HIV stands for Human Immunodeficiency Virus. It is a virus that is responsible for AIDS. When HIV enters the body, it attacks the immune system and causes several kinds of complications.
There are a number of ways to contract HIV, but casual contact is not one of them. I remember some time ago when many people believed that HIV can be transmitted by hugging, kissing, or shaking the hand of an HIV-infected person. I am glad that that belief has been debunked and I hope more people will become more and better informed.
HIV is a life-threatening disease that is feared by everyone. It has been known to destroy a person’s health and take a lot of lives. If left undiagnosed and untreated, it will progress onto AIDS, which is a disease that has no known cure up to now.
The best way to prevent HIV is to know how it is transmitted so that you can stay away from these modes of transmissions of HIV. Here they are:
Sexual contact is the most common way to transmit HIV. Once an exchange of bodily fluids between an HIV-infected person and a non-HIV-infected person, the latter will contract the virus and get sick with HIV as well.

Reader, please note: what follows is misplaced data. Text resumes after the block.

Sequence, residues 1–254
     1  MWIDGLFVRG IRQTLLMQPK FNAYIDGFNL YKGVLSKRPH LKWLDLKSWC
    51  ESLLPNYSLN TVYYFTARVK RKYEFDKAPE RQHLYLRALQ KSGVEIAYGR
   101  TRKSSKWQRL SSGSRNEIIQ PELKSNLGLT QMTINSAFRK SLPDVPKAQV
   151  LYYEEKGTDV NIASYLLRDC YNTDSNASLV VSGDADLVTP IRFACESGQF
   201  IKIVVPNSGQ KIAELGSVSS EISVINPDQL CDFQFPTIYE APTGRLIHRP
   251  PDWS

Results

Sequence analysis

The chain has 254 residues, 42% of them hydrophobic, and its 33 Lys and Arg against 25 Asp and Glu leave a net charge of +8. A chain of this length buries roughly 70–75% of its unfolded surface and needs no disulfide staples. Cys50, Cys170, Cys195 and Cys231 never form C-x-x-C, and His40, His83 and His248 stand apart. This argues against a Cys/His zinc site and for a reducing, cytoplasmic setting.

HIV can be passed on from one person to another via anal, oral, or vaginal sex. It can also get into another person’s body through sores, cuts, open wounds, or small tears exchanged during sexual intercourse.
So how can you not get HIV when having sex? Always use protection. Use condoms. Also, avoid having multiple sexual partners. It will also be great if you could abstain. You should get tested for HIV regularly, as well as your partner, if you have an active sex life.
Sharing of needles and other paraphernalia used for injection is also a way to contract HIV. Never ever try to use these things already used by an HIV-infected person because the virus will definitely be able to enter your bloodstream and cause harm to your immune system and other body parts.
HIV can also be passed on from a pregnant mother who is infected with HIV to her child. Pregnant women are encouraged to undergo an HIV test so that if they test positive for HIV, they can start antiretroviral drug therapy right away and not pass the virus on to her unborn.